These are all valid points, and they do serve to increase the nature of the problem for the 2015 election.

But they don't change the fact the really significant jolt to the system won't come this year but in 2020, when these reforms will really come home to hit Labour hardest of all.

MPs shatter David Cameron's EVEL promise

Bitterly partisan and failing to display any signs of agreement, MPs' failure to rise to the occasion on English votes for English laws shows they are beyond redemption.

What makes the response to William Hague's statement on English devolution so depressing is that the Commons just carried on with business as usual.

The frontbenchers exchanged barbs over the relative failures in government of the coalition and of New Labour. The backbenchers heckled about the irrelevant Barnett formula and a dozen of their own half-developed ideas. They cancelled each other out, leaving an absence of anything meaningful.

They have also combined together to collectively break a big pledge from the prime minister.

Speaking in the early morning of September 19th, soon after the 'No' result was confirmed, David Cameron promised to English voters that his government would pursue an answer to the West Lothian Question "in tandem" with the Scottish devolution timetable. It was a pledge every bit as important as the infamous 'vow' to Scotland. Perhaps it emerged from the relieved euphoria which followed the result. Whatever the cause, it was a promise Westminster was destined to ensure could not be kept.

Hague, the leader of the House in what is set to be his last big job in politics, tried hard to at least maintain the impression of concurrent progress. But today he effectively admitted he has failed. Questioned by SNP MP Pete Wishart, Hague confirmed: "There is nothing conditional about any of these proposals... we can express the wish that [Scottish and English devolution] are concurrent, but they are not conditional and we are not tied to them."

It is the final death of the 'in tandem' promise. And it means all the urgency has gone out of the debate: the union is saved, allowing everything else to be downgraded in importance. There is a lot of anger about Scottish devolution, but no real answer about how to mirror it in England. Instead there is only division.

Division within the Tory party

Hague had been hoping to unite the Tory party behind a single proposal by the end of November. That didn't work out so well, and now there are few signs of Conservative unity this side of the election. John Redwood, whose preferred hardline option excluding non-English MPs from any English-only matter, led the charge. "England expects!" he thundered. It doesn't look like he can ever be placated.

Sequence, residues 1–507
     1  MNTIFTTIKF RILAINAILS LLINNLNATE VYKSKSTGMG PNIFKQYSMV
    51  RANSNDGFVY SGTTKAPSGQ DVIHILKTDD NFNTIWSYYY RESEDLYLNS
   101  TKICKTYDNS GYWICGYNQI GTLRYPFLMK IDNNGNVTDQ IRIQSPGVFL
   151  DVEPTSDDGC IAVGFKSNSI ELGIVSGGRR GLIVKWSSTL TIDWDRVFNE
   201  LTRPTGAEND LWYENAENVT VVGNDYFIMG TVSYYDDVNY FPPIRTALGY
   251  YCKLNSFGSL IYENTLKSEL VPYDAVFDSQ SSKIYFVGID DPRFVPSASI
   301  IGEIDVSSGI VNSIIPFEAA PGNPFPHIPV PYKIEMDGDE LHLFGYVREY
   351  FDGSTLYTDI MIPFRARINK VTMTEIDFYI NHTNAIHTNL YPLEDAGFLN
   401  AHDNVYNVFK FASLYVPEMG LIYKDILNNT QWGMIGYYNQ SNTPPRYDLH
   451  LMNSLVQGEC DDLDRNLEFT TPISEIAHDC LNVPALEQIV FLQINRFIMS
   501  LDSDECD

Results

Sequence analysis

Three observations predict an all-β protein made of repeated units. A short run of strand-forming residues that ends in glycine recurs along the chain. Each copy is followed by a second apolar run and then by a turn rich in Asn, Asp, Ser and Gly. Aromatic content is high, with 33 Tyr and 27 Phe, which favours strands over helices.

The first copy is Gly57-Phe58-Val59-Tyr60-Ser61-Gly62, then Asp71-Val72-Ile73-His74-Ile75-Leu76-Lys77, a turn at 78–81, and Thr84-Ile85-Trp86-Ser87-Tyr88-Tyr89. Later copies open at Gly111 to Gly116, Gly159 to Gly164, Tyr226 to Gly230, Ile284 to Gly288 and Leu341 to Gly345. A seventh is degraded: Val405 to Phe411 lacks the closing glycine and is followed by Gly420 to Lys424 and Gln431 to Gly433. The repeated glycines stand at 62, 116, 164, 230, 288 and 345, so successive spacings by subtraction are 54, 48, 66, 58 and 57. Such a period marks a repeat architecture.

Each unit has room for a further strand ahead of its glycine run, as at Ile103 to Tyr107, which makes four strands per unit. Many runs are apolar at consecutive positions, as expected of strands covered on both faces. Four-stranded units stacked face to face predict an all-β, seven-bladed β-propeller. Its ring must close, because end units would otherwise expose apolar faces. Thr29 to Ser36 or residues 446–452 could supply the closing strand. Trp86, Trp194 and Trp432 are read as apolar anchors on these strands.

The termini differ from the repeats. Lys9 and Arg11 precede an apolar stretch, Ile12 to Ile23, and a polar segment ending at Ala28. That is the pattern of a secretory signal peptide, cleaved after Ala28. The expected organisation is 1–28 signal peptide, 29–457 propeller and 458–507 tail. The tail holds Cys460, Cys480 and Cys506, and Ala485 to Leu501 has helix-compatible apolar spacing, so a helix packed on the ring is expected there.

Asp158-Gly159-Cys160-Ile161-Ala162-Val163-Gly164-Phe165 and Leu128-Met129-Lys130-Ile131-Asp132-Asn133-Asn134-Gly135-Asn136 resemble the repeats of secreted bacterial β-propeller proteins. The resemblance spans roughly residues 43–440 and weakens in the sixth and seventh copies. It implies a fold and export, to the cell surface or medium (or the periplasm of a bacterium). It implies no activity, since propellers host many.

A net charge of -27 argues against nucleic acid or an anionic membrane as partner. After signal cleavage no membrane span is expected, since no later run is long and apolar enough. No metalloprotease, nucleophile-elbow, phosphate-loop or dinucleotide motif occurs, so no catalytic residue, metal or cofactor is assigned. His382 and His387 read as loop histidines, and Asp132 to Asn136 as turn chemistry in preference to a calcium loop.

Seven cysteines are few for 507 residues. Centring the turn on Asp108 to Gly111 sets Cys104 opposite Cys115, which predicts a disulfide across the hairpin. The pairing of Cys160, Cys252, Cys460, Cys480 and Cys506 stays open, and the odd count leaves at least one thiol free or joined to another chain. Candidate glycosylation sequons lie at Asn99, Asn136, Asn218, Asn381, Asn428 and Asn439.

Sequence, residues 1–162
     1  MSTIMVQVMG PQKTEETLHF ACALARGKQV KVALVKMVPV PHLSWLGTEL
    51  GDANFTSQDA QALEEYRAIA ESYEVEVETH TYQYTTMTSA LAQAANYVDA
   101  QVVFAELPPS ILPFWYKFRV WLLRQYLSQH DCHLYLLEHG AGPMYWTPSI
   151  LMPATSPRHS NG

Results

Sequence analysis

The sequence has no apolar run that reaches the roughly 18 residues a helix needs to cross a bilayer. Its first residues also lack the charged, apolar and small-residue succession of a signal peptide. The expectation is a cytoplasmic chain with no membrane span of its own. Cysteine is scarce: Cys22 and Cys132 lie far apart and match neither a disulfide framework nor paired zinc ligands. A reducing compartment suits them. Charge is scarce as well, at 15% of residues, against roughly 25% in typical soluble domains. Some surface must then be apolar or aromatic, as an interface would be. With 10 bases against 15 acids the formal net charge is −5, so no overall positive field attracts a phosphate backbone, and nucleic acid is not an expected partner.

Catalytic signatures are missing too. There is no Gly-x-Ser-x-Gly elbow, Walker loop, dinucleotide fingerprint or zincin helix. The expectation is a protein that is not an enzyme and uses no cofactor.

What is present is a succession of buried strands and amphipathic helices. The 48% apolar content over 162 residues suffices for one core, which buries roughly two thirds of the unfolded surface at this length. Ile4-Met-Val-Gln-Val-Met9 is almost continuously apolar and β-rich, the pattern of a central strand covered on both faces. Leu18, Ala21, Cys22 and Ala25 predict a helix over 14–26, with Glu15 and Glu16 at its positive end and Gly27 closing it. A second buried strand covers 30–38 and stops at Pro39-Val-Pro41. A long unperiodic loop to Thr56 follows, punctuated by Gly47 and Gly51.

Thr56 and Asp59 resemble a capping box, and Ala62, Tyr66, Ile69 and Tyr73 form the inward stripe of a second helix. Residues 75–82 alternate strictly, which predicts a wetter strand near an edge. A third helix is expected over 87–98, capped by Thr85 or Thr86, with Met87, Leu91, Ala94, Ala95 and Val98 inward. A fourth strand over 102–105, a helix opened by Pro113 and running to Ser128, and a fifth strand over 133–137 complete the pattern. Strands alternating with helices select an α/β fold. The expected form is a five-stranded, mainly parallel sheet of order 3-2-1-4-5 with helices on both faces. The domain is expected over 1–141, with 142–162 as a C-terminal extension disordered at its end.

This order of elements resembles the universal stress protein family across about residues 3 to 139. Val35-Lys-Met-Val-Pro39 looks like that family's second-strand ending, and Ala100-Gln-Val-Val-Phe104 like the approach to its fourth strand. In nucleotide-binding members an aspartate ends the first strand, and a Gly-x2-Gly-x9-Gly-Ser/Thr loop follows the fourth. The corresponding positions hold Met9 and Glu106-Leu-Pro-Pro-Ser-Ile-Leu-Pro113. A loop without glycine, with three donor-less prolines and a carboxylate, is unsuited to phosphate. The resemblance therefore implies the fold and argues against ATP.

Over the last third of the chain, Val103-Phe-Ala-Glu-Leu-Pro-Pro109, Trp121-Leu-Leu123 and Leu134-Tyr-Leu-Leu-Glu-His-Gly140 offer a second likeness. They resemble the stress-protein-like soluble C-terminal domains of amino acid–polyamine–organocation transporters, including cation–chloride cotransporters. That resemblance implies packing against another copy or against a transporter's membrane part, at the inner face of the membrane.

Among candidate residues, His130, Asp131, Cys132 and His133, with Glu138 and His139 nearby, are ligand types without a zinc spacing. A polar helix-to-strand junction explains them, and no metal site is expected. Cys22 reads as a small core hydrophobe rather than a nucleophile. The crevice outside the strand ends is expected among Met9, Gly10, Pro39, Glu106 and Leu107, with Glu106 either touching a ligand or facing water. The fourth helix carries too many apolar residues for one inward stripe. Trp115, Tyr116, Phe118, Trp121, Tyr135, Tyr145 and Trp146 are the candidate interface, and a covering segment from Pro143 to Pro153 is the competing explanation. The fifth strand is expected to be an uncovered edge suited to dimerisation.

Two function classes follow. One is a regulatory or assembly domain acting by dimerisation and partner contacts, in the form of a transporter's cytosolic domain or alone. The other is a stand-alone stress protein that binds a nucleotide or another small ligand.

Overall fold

Division within the government

The statement, revealing the differing views of the Conservatives and Liberal Democrats, led to the bizarre spectacle of Hague outlining Lib Dem views. He could barely keep himself from laughing as he worked his way through text about the single transferable vote. "There is no cross-party consensus," he observed drily, pulling himself together. The handful of Lib Dem MPs who bothered to show up - a very poor show from a party that supposedly cares passionately about constitutional reform - shifted in their seats uncomfortably as Labour and Tory MPs joined together in mocking laughter.

Division between the two main parties

Labour's shadow justice secretary Sadiq Khan, who has boycotted Hague's working group on the issue, baffled the Commons by insisting this was a "debate we are seeking to lead". His criticisms of the Tories' selfishness were undermined by hypocrisy, because Labour's positioning is just as preoccupied by partisan advantage. Hague responded by accusing Labour of "the remarkable feat of being out-of-touch with themselves" on English devolution. The stench of the looming general election filled the air.

Division between Westminster and the rest of us

"There are times when I have been very proud of this House rising to the great occasion, but today I feel ashamed of the House," Barry Sheerman shouted angrily. Graham Allen talked of "moving around the green benches on the Titanic". Hague hoped for a deal, but Allen just yelled back: "Get out of the bubble." John Denham lamented "the tragedy" of being "so close to a lasting agreement". So close, and yet so far. These voices were the ones identifying the real failure of Westminster in the wake of the Scottish referendum.

What the politicians want are dividing lines to help them win power in next year's general election.

I've written before about how this failure to reach agreement isn't such bad news for Hague, who in overseeing the process has at least put his party in a position where it can win votes. That is clever of him and serves his party's interest, but it does not serve that of ordinary people. The English, who Cameron had allowed to hope they might get more powers, deserve to feel very sorely disappointed at this rabble. Instead of real change they're getting more of the same, and nothing looks like changing it.